In all honesty though, the ordeal of swimming was merely the cherry on the top of this day following our impromptu voyage into town after the school drop off. Mixing a borderline potty trained toddler who has a penchant for trying out all the local facilities available to him with the first real cold snap of the year (rendering his bladder overactive and thimble sized) was, perhaps in hindsight, a touch cavalier but you will recall that I was feeling somewhat optimistic that morning. Having merely vacated the third premises a matter of moments earlier, the toddler emitted a shriek for "potty!" at such a pitch that it would have been injudicious of me to ignore his plea. The nearest convenience was (inconveniently) four floors above and only accessible by a single lift which moved at the pace of a fatigued snail so by the time we reached our destination the toddler was shedding clothes at a terrifying rate of knots as he ran towards his target. I too, ditched everything I was carrying in order to airlift him onto the receptacle in time.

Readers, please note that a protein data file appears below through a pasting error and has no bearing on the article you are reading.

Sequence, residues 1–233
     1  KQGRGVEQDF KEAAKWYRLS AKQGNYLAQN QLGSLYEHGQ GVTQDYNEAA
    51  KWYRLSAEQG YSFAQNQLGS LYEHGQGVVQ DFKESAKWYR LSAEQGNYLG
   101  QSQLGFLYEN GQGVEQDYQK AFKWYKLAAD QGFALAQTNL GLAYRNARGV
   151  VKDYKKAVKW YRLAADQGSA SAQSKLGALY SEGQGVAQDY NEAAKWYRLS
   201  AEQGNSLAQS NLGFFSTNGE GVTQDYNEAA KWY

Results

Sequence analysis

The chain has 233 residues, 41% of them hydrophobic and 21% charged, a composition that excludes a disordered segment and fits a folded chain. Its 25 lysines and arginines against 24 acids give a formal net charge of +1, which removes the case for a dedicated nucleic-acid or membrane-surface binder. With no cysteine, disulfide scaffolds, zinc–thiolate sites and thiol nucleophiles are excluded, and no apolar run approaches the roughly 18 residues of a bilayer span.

We made it. My phone? Not so much.


Wednesday was a fiasco from beginning to end. My mother routinely treks across the country to provide childcare for us on a Wednesday thereby allowing me to hold down some form of employment without bankrupting ourselves on nursery fees. Today however, an ill judged petits four after lunch with the girls on the preceding day had resulted in a fractured front crown and a trip to the emergency dentist which meant I was left to partake in a business call with my youngest attempting to sit on my head. Totes profesh.